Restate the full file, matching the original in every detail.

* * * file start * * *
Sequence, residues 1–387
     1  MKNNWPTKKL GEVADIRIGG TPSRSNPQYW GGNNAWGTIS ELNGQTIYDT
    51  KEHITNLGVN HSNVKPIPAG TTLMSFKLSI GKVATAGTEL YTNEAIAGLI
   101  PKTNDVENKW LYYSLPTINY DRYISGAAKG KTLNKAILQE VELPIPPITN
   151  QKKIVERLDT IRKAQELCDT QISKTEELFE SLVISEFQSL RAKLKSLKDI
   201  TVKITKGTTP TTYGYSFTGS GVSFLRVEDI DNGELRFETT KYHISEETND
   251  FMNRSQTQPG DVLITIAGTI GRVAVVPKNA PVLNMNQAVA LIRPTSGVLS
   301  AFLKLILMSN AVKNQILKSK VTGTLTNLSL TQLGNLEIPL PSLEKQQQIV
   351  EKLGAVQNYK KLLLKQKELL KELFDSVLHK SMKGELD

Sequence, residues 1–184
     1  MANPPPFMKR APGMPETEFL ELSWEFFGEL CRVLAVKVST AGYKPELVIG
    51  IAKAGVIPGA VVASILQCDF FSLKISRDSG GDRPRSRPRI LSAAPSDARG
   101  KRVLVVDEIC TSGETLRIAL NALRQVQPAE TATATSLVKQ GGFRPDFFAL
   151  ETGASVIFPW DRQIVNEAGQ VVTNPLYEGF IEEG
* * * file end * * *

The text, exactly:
Sequence, residues 1–387
     1  MKNNWPTKKL GEVADIRIGG TPSRSNPQYW GGNNAWGTIS ELNGQTIYDT
    51  KEHITNLGVN HSNVKPIPAG TTLMSFKLSI GKVATAGTEL YTNEAIAGLI
   101  PKTNDVENKW LYYSLPTINY DRYISGAAKG KTLNKAILQE VELPIPPITN
   151  QKKIVERLDT IRKAQELCDT QISKTEELFE SLVISEFQSL RAKLKSLKDI
   201  TVKITKGTTP TTYGYSFTGS GVSFLRVEDI DNGELRFETT KYHISEETND
   251  FMNRSQTQPG DVLITIAGTI GRVAVVPKNA PVLNMNQAVA LIRPTSGVLS
   301  AFLKLILMSN AVKNQILKSK VTGTLTNLSL TQLGNLEIPL PSLEKQQQIV
   351  EKLGAVQNYK KLLLKQKELL KELFDSVLHK SMKGELD

Sequence, residues 1–184
     1  MANPPPFMKR APGMPETEFL ELSWEFFGEL CRVLAVKVST AGYKPELVIG
    51  IAKAGVIPGA VVASILQCDF FSLKISRDSG GDRPRSRPRI LSAAPSDARG
   101  KRVLVVDEIC TSGETLRIAL NALRQVQPAE TATATSLVKQ GGFRPDFFAL
   151  ETGASVIFPW DRQIVNEAGQ VVTNPLYEGF IEEG